Evaluating terrain-dependent performance for martian frost detection in visible satellite observations

Summary: Researchers from Jet Propulsion Labs recently studied seasonal frosting and defrosting on the surface of Mars which is hypothesized to drive both climate processes and the formation and evolution of geomorphological features such as gullies.

Challenge: Past studies have focused on manually analyzing the behavior of the frost cycle in the northern mid-latitude region of Mars using high-resolution visible observations from orbit. Extending these studies globally requires automating the detection of frost using data science techniques such as convolutional neural networks. However, visible indications of frost presence can vary significantly depending on the geologic context on which the frost is superimposed.

Unlike the Earth, the atmosphere of Mars is comprised primarily of carbon dioxide (CO2) and this volatile constitutes most of the frost, falling as snow or condensing at the surface due to surface temperatures falling to the CO2 frost point. A small amount of water frost will also form when temperatures are below the water (H2O) frost point, but only if the local concentration of H2O vapor in the atmosphere is high enough.

Findings: The research team from JPL presented a novel approach for spatially partitioning data to reduce biases in model performance estimation, illustrate how geologic context affects automated frost detection, and propose future work to further mitigate observed biases in automated frost detection work.

They found that geologic context bias is present and significant for this model’s performance on the test set, specifically for dune fields often found in northern mid-latitude craters. Interestingly, for human annotators, dunes often provide strong evidence of frost due to the striking visual appearance of defrosting marks which expose dark basalt sand beneath light-color frost.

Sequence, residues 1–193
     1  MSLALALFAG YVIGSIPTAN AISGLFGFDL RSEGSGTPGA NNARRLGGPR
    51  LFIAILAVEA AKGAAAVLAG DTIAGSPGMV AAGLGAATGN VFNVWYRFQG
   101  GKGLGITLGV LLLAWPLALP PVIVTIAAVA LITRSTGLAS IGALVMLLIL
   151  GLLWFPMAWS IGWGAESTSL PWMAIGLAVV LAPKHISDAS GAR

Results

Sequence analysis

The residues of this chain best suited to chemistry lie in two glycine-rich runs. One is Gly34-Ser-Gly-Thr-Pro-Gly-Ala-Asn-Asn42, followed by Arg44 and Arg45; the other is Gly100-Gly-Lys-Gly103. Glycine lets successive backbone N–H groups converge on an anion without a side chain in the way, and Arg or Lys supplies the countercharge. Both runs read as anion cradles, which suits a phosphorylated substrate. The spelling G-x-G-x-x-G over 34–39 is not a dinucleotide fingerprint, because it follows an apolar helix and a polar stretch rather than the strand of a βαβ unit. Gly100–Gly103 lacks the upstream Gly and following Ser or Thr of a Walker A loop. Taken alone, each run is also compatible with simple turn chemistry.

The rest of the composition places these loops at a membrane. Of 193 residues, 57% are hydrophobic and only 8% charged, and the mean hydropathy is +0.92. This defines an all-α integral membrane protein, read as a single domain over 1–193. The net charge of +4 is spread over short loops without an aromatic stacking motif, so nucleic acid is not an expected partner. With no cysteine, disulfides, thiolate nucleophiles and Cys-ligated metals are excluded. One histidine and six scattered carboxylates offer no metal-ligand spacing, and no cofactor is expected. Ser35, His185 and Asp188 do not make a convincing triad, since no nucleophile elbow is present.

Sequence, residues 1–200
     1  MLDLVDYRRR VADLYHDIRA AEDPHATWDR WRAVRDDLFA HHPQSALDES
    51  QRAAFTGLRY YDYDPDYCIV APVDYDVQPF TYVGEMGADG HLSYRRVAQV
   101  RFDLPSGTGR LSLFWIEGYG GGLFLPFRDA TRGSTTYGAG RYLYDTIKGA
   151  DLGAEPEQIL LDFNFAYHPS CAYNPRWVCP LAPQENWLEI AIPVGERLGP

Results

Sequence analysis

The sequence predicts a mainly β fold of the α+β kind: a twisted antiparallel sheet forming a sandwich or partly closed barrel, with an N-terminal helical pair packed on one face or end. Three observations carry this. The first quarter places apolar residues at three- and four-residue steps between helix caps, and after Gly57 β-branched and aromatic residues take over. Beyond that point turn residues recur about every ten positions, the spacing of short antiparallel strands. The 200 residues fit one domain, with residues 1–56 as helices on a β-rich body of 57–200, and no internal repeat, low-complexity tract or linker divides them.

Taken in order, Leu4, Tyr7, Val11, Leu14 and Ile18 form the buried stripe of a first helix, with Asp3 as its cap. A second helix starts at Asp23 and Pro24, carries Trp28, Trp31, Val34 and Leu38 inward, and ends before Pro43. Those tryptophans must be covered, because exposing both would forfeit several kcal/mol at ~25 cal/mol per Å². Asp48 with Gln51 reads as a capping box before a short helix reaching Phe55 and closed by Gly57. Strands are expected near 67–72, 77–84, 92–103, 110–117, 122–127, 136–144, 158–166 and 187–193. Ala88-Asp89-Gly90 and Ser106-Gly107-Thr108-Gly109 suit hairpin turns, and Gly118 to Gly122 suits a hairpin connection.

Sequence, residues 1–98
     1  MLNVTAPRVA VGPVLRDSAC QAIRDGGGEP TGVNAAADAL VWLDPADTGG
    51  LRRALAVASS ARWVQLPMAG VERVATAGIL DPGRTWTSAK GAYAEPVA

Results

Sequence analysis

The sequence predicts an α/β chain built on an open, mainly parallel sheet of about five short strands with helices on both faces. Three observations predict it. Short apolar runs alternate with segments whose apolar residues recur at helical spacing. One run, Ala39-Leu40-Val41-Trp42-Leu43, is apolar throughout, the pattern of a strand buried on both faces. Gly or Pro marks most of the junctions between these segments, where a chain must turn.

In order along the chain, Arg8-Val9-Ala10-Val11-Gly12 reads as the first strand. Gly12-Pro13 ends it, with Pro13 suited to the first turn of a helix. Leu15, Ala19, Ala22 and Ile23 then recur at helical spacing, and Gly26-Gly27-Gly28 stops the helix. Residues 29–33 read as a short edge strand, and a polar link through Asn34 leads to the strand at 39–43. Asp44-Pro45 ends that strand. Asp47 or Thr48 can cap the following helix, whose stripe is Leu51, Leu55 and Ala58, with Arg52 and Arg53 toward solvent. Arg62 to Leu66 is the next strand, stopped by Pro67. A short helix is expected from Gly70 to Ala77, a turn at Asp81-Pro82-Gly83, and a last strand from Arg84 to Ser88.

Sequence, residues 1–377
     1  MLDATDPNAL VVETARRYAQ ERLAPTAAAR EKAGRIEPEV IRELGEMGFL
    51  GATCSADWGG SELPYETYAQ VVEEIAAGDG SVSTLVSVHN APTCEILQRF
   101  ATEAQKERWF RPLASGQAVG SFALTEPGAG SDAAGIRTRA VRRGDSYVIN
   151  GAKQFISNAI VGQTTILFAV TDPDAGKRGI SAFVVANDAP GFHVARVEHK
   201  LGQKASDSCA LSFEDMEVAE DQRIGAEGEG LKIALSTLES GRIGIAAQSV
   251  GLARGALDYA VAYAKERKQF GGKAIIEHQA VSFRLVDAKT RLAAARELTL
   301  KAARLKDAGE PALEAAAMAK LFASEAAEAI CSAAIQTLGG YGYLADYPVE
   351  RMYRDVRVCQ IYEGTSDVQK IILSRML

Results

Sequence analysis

They also saw a large degree of diversity in frost appearance on the underrepresented terrain type, both inherently and due to differing illumination and observational conditions, making the concept challenging for the classification model to learn.

Future improvements will permit the training of models better suited for full-planet frost detection, thereby facilitating the creation of global frost maps

How Labelbox was used: Labelbox was used to annotate polygonal boundaries around regions with visible evidence of frost. For each polygon, they collected additional information from the labeler including the applicable visible indicators as well as geologic context, which is either “dunes,” “gullies,” “crater rim/wall,” or “other.” The geologic context categories was mutually exclusive, so labelers could only pick one geologic context per frost polygon.

In addition, they used the geologic context information to investigate terrain-dependent bias in classifier performance. To document the labeling process, they performed an iterative series of labeling sessions with both data science and science domain experts.

Domain expert labeling guidance and clarifications at each iteration were captured in a labeling guide, included with the publicly available dataset2. A total of 6 subframes, detailed in the released dataset, were excluded due to contamination with excess instrument noise or cloud cover. Each subframe was labeled by three different annotators.

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